Title: The Miseducation of Cameron Post
Author: Emily M. Danforth
Category: YA Contemporary (LGBTQIAP+)
Publisher/Date: Balzer + Bray/7 February 2012
When Cameron Post’s parents die suddenly in a car crash, her shocking first thought is relief. Relief they’ll never know that, hours earlier, she had been kissing a girl.
But that relief doesn’t last, and Cam is soon forced to move in with her conservative aunt Ruth and her well-intentioned but hopelessly old-fashioned grandmother. She knows that from this point on, her life will forever be different. Survival in Miles City, Montana, means blending in and leaving well enough alone (as her grandmother might say), and Cam becomes an expert at both.
Then Coley Taylor moves to town. Beautiful, pickup-driving Coley is a perfect cowgirl with the perfect boyfriend to match. She and Cam forge an unexpected and intense friendship — one that seems to leave room for something more to emerge. But just as that starts to seem like a real possibility, ultrareligious Aunt Ruth takes drastic action to ‘fix’ her niece, bringing Cam face-to-face with the cost of denying her true self — even if she’s not exactly sure who that is.
The Miseducation of Cameron Post is a stunning and unforgettable literary debut about discovering who you are and finding the courage to live life according to your own rules.
This book has content warnings for homomisia, conversion camps, abuse of minors, ableism, self harm (brief but graphic imagery), familial death, a car crash, drugs, and sexual content.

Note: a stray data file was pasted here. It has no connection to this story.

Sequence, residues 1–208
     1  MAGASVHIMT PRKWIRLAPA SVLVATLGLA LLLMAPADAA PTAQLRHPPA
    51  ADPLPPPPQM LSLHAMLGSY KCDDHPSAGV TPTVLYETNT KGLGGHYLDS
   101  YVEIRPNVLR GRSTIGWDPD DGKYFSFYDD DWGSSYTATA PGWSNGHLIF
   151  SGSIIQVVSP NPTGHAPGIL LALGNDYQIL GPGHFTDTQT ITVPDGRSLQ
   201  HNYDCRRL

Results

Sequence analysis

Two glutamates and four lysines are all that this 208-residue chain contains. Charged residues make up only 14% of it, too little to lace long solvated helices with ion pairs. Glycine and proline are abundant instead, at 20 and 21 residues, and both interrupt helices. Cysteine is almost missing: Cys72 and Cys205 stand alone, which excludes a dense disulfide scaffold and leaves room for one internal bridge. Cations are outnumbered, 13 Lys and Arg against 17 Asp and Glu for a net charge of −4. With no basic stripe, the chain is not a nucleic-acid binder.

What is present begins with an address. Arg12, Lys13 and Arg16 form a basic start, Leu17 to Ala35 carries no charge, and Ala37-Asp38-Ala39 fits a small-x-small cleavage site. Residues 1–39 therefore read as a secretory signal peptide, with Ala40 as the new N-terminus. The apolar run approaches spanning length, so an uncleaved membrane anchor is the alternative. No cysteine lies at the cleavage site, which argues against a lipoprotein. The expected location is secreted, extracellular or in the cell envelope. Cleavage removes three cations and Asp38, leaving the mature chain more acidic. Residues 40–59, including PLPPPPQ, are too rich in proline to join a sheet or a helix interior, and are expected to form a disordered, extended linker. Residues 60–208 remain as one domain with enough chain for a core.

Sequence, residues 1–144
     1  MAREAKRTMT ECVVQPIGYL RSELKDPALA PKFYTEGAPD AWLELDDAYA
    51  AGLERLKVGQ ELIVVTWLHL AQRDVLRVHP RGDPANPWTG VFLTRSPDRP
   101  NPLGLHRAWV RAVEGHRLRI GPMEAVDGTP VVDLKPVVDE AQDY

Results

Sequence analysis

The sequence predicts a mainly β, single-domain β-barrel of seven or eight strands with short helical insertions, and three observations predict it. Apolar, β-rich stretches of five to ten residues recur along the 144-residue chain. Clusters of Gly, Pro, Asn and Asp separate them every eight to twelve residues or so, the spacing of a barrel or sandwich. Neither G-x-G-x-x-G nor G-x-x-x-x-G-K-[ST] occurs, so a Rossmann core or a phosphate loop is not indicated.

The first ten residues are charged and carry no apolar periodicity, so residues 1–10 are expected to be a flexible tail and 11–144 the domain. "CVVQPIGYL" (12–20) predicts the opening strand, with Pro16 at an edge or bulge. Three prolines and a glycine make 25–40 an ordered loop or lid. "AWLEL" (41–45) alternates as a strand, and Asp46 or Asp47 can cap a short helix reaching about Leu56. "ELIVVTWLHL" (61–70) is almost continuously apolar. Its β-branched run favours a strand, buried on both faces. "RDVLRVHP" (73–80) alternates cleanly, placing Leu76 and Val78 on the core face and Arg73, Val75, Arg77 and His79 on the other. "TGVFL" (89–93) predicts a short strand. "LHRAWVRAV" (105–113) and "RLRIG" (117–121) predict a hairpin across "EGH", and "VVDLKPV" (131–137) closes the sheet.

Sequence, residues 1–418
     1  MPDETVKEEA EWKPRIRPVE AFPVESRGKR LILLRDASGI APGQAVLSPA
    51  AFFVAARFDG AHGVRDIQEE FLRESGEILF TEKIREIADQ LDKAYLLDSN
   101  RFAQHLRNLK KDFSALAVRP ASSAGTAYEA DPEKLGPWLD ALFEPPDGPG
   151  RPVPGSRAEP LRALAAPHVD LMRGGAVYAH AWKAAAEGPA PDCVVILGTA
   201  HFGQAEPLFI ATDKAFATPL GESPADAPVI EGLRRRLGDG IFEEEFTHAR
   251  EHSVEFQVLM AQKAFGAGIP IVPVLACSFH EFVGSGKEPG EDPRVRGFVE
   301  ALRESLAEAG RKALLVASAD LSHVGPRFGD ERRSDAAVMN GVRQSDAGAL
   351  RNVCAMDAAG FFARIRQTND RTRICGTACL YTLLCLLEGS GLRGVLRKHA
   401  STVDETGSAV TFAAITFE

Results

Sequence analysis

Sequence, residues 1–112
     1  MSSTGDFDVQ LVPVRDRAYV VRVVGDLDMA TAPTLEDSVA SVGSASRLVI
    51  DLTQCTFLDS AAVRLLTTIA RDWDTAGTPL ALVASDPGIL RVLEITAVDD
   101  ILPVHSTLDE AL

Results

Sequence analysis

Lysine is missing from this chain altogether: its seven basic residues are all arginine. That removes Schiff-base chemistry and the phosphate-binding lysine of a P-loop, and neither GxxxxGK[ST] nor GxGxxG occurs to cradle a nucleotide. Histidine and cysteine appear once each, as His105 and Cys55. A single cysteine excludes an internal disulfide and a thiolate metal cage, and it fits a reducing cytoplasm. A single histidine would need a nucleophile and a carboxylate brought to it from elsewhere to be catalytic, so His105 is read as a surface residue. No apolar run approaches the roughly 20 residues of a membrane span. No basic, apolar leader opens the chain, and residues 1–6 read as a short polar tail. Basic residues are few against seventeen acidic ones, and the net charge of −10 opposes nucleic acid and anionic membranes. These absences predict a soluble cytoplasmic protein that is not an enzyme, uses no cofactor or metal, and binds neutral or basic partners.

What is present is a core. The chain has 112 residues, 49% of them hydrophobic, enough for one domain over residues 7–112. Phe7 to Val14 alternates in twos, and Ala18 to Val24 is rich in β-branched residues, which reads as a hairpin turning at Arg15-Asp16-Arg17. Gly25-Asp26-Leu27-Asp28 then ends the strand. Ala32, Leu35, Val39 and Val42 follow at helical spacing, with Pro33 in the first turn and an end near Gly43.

I understand why this is an important book and it has a lot going for it, but there were a lot of things about the book that really put me off. Starting with the positives, I really appreciated the authenticity that I felt from the depiction of the conversion camp and the different perspectives that come from places like that. Conversion camps are incredibly manipulative and scary, and I felt that both the abuse taking place there and the either conceding or rebelling from the program felt real to me. This is a perspective that we really need in the world, and for that I really appreciate it.
With that being said, there were several things I didn’t like about the book. I didn’t like Cameron as a character very much because I didn’t feel like I got a good sense of her as a person; I felt that throughout the entire book I was watching her react to things, kind of, but she wasn’t doing much of anything herself. The only time she didn’t feel completely passive was when she started yelling at her aunt, and she did that to get a reaction out of her. Her emotions were so muted that I really couldn’t get myself to identify with her at all, and that made it difficult for me to care about her personally. I was invested enough to want her to get out of the conversion camp because that place is awful, and that was about it.
The pacing of this book was also extremely slow, and it frustrated me. This might have been because the voice of the book felt so bland to me and so it felt like it was dragging on for a while, but it seemed like a lot of this book could have been cut out without doing much to the story.
One other thing that really bothered me was the presence of a disabled character who had a prosthetic leg; the only purpose she served was to hide drugs within her prosthesis at the camp, and this felt really uncomfortable to me because this was the only physical disability rep we got in this book and it wasn’t great. I don’t really know anything else about that character except she used her disability to hide and sell drugs at the camp. Not great.
I had a hard time rating this book because I do think it’s important, but it also really wasn’t the book for me. I recommend reading it because of its importance, but it’s not something I’d want to read again because it’s a bit boring and monotone.
Final rating: 3.5 of 5 stars